Average Almond Crop for Van Groningen

Average Almond Crop for Van Groningen

July 3, 2015

Van Groningen: Almond Crop Looks Average; Misleading Math on Watermelon Water Use

By Patrick Cavanaugh, Assistant Editor, California Ag Today

Van Groningen & Sons, Inc. farming has been operating in California since 1922. Field Manager Bryan Van Groningen updated California Ag Today, “The almond crop looks pretty average, ‘nothing that looks well over norm. It just depends on which field site you enter in; some of the younger blocks look a little better than the older blocks. So, right now the crop looks pretty old, but it is all across the board.”

Bryan Van Groningen
Bryan Van Groningen

Yosemite-Fresh-WatermelonBased in Manteca, Von Groningen & Sons has a diversified operation growing melons, sweet corn, pumpkins, squash, almonds and walnuts, and livestock feed. Noting recent negative press on almond water usage, Bryan said, “Almonds obviously have gotten a lot of bad press lately, as has ag in general. In looking at some of the water usage figures, I tend not to agree with them. I think a lot of the water usage figures are outdated and incorrect.” He explained, “For example, we grow watermelons, and one of the articles that I read reported that 160 gallons of water was needed to produce a single watermelon. On our farm, it is closer to 35-40 gallons.”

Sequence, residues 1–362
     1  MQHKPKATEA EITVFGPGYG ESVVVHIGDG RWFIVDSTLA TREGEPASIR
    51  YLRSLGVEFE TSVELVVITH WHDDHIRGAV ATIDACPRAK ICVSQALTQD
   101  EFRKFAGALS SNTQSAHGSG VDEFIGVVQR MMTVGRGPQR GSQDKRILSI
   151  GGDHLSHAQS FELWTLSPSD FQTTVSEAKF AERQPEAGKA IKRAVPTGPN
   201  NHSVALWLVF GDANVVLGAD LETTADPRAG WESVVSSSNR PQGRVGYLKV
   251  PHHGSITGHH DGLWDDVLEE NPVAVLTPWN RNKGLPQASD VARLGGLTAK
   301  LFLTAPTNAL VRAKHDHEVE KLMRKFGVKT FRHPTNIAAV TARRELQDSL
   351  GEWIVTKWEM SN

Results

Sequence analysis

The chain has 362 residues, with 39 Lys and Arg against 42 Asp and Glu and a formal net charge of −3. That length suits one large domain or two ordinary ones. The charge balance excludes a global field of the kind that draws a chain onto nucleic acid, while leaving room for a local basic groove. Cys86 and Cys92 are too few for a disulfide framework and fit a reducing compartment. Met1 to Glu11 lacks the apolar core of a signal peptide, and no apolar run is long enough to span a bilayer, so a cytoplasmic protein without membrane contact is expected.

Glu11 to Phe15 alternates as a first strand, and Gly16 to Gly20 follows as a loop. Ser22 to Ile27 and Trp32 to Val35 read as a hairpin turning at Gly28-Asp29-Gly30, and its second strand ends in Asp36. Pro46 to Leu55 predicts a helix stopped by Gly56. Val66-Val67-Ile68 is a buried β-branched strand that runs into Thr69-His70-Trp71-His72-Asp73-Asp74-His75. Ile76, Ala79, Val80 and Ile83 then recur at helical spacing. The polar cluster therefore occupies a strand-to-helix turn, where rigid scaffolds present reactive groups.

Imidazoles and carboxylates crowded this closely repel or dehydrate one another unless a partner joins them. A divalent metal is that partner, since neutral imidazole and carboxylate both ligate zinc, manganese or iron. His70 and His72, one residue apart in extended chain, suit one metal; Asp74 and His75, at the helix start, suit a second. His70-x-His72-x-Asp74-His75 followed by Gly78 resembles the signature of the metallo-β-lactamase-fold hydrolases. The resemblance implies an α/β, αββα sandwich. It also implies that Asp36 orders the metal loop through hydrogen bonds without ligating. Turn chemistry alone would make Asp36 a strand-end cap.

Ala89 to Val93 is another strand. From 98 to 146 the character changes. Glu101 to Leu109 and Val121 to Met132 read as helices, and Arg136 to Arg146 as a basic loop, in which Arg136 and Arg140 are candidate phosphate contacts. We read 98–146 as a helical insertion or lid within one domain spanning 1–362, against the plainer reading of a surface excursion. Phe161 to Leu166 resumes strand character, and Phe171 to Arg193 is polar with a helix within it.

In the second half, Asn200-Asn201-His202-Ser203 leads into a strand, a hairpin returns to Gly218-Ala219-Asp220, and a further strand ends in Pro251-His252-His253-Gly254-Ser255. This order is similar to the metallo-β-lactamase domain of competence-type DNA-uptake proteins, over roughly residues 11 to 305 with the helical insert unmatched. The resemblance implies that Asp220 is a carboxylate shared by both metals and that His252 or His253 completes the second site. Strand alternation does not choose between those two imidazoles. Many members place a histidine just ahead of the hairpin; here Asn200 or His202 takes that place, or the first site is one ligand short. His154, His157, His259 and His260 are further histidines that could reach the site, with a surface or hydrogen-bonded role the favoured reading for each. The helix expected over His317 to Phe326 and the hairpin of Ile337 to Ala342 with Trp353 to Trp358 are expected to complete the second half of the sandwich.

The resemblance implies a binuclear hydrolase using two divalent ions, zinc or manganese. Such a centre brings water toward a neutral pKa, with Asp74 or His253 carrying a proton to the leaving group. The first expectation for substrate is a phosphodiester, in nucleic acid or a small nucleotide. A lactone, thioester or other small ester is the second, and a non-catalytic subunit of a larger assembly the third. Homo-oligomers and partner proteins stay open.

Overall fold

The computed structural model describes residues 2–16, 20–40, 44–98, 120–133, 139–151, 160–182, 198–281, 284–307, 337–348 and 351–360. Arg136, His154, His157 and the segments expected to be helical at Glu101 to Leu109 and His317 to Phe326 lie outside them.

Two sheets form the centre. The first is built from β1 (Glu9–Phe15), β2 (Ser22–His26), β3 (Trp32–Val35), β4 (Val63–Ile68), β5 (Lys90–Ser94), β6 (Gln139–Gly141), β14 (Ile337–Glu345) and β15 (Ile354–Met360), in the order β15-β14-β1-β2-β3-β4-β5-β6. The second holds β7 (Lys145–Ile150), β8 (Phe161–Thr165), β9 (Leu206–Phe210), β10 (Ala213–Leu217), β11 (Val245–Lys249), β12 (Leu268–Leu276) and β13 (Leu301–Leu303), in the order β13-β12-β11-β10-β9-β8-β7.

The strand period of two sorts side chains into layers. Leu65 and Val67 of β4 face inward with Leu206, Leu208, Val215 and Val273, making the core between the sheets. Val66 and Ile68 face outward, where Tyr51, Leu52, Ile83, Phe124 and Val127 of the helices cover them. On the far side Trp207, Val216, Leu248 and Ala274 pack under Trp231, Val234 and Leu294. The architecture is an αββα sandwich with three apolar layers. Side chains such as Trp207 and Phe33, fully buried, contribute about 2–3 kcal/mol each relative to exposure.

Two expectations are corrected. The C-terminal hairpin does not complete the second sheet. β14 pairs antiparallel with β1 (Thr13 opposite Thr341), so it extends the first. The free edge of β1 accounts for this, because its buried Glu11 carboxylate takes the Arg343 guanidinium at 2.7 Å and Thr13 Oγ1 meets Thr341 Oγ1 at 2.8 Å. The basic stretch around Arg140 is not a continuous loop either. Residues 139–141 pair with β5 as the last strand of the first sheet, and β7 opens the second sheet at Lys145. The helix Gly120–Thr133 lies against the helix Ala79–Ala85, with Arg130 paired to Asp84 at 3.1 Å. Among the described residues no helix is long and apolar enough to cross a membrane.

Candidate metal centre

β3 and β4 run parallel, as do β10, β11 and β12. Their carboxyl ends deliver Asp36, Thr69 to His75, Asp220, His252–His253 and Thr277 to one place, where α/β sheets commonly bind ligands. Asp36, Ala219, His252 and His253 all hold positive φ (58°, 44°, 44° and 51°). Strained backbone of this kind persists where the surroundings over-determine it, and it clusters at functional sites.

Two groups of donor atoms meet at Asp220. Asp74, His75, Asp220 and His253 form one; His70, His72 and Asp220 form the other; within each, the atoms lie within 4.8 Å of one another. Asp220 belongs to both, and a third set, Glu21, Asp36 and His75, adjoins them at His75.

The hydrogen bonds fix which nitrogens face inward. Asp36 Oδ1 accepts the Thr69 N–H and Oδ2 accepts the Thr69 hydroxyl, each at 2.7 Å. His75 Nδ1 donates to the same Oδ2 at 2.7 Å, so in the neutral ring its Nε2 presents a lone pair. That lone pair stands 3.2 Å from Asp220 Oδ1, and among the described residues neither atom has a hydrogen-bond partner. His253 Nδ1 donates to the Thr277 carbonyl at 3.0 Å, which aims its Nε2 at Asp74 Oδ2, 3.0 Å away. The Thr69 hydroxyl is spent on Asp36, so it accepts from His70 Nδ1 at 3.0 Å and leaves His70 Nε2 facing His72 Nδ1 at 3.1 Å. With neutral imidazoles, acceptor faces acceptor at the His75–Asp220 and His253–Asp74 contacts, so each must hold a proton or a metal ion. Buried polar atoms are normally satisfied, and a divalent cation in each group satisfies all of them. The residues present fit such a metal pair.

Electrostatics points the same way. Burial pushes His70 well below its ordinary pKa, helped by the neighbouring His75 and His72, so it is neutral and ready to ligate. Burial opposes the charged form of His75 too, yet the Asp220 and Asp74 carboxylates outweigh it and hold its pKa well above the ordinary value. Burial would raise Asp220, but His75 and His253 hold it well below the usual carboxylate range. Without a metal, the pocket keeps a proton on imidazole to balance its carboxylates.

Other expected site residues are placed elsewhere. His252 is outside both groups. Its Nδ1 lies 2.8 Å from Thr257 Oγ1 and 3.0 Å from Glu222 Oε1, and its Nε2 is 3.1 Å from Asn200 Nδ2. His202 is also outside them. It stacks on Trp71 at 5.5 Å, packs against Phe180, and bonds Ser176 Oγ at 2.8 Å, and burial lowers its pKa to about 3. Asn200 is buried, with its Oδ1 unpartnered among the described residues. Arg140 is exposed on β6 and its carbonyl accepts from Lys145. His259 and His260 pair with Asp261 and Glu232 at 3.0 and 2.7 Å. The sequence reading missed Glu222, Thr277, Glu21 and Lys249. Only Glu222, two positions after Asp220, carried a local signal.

As the state continues to deal with water restrictions, Van Groningen says a lot of fingers are unfairly pointing at the agriculture industry. “I think there is a lot of misinformation being spread around and used to throw agriculture under the bus,” he stated, “making us look like we are the bad guys, when we are actually producing the nutritious food that consumers in our state and the nation eat and enjoy. The agricultural industry has made so many advances in water efficiency that we should actually be labelled as ‘water conservationists’, and not ‘water wasters’.”

Van Groningen says he sees firsthand, every day, exactly how much water is used per crop, because he actively manages the farm’s water. “I sat down and ran the numbers 3, 4, 5 times — just to make sure that I did the math correctly. So, some of this usage is being misrepresented and therefore does not shed a good light on what ag is actually doing.”

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